Time 2.9 hrs
Authors Sandra Kuipers
Minimum Year Group None
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- Components are the basic building block in Unity.
- Every script is, by default, a component.
- Using components, we can build up more and more complex logic.
- In this unit, we'll look at what components are, and how components interact with each other.
The Component Model
- Unity uses a software architecture called Component-based Architecture.
- Component architecture is useful for:
- Re-usability - create a component for each game behavior, and use it in many different places.
- Fast development - compose new object behaviors by combining existing components.
- Collaboration - programmers can create the components that designers use to create scenes.
- A GameObject is a blank-slate.
- Every object is built by adding components to your GameObjects.
- Your player is a GameObject.
- Your scene in made up of GameObjects.
- Your user interface is also GameObjects.
- Each object simply has different components.
- This type of architecture uses composition to create unique behaviour.
- By default, every GameObject has a transform component.
- This component controls the object's position in the game scene.
- Other built-in components can be added, such as colliders and render meshes.
- You can also create your own components by writing a script and adding it to the object.
- Check out the docs for some great resources:
- To create complex behaviour, you'll need to access one component from inside another component.
- For example, if a player is damaged in a game, the player object may need to communicate with the UI to display the current player health.
- Communicating between objects is done by accessing the component of another object.
- This can be done by pre-defining a variable and connecting it before the game starts.
- Or, you can use the
GetComponent()method to access a component during run-time.
- Check out the GetComponent tutorial page for example code.
- Another way to communicate between components is the SendMessage() or BroadcastMessage() methods.
- SendMessage() These lets you call a method on every other component in the same GameObject.
- BroadcastMessage() is similar, but also calls the method on any children of the GameObject.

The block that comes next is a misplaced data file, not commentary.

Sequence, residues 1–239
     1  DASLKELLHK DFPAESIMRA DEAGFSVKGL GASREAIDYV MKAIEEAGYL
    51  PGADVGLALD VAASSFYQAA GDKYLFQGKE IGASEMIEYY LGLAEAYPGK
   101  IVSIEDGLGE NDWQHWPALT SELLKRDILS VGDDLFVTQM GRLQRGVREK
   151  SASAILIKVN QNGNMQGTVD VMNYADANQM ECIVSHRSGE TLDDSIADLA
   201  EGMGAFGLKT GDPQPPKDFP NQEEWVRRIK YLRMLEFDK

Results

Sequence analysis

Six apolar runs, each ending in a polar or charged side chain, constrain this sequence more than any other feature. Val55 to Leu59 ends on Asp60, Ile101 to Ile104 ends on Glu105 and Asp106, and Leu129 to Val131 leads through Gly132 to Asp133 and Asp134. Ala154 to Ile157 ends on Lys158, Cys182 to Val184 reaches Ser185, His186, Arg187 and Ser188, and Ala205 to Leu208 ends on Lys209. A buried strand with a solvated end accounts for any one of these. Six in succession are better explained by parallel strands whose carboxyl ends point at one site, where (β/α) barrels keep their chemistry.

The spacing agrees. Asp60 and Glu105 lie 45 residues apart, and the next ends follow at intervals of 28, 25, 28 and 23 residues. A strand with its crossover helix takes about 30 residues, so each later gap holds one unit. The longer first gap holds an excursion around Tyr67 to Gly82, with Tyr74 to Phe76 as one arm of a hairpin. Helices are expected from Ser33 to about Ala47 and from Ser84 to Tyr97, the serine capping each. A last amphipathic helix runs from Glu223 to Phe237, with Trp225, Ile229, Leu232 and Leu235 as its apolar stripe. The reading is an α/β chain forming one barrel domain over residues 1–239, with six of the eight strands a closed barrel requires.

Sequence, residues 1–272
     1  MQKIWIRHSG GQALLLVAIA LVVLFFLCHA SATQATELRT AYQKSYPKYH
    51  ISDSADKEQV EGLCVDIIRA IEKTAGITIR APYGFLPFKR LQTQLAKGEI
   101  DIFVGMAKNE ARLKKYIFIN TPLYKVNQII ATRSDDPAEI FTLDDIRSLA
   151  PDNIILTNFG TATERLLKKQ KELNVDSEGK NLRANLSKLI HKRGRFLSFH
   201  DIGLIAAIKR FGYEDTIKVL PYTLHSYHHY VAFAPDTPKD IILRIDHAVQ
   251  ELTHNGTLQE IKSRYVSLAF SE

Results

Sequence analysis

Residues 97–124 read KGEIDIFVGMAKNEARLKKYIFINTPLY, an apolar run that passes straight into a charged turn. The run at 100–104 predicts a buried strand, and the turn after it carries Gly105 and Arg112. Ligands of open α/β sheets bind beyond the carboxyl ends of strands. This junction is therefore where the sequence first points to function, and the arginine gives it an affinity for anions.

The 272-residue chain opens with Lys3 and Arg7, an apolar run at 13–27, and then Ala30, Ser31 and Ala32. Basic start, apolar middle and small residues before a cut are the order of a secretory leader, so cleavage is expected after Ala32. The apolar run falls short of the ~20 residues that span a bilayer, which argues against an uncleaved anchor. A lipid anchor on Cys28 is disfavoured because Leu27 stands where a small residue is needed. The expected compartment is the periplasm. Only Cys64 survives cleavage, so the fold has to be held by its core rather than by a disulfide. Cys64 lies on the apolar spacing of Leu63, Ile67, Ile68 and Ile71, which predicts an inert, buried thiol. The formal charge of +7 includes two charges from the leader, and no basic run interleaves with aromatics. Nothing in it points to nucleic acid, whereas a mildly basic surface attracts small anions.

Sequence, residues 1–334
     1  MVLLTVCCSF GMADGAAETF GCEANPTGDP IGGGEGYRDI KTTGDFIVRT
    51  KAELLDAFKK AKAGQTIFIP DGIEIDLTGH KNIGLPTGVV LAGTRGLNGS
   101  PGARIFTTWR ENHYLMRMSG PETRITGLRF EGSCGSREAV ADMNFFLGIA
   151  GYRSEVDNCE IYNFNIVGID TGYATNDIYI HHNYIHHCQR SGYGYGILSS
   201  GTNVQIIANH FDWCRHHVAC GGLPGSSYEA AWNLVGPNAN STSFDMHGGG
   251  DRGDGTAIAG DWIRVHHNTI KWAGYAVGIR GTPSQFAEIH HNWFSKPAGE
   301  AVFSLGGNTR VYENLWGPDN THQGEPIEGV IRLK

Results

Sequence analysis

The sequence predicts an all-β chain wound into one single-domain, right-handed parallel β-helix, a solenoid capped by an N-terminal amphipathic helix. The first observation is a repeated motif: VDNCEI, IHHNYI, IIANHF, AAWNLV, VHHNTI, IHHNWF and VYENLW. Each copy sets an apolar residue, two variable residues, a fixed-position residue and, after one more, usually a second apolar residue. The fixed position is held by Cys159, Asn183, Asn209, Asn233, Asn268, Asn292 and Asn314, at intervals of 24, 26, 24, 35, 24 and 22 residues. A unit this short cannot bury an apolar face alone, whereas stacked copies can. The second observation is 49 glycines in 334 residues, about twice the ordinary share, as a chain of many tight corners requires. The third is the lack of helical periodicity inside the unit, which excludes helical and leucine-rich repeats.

- Messages are handy because you don't need to know who the receiver is.
- You can send a message, and any other object able to run the method you've called will receive it.
- Communicating between components is essential.
- As your projects become more complex, you may need a central object to facilitate communication.
- These are often called Game Manager scripts (or Game Controller).
- A manager script is an invisible object in your game.
- It connects different parts of your game to communicate important events.
- You might have a player manager, an enemy manager, an audio manager, and more.
- Manage scripts are often wired-up with variables that connect to other managers.
- To complete this unit, you may need some additional tutorials and resources.
- The following tutorials can help get you started.
- Be sure to search for more docs and tutorials as you go.
- Check out more scripting resources for other tutorials:
Your Tic-Tac-Toe Game
- Tic-tac-toe is a game of placing Xs and Os to be the first to complete three-in-a-row.
- Can you program a tic-tac-toe game in Unity?
- It seems like a simple game on the surface, but it'll require some complex logic.
- The game will need a few basic elements:
- A background providing a backdrop for the the entire game.
- An element that will be our game board.
- An element, or set of elements, that breaks the game board up into nine areas in an even grid.
- Nine tiles that can be assigned either an "X" or and "O", but once assigned these values will persist and not be changeable by the players - either the current player or the opponent.
- Logic to change sides when a player takes their turn.
- Logic to check for a "Win" condition, allowing for draws where no one wins.
- A panel that displays who is the winner when the game is over.
- For polish, you could add some other helpful elements:
- A way to choose the starting player's side, "X" or "O".
- An indicator of whose turn it is.
- A restart button.
- Very basic instructions.
- Feel free to grab some graph paper or create a flow chart to help plan out the logic of your game.
- If you prefer to follow instructions, there is a complete tutorial for creating a tic-tac-toe game.
- However, you're also welcome to challenge yourself to create this game from scratch!
- Once you've programmed and tested your tic-tac-toe game, upload the project to Drive and share a link to the project folder as evidence of your learning in this unit.
- The GameObject-Component Relationship
- Using Components
- more scripting resources
- a complete tutorial for creating a tic-tac-toe game
- GetComponent tutorial page
- Variables and Functions
- Component-based Architecture
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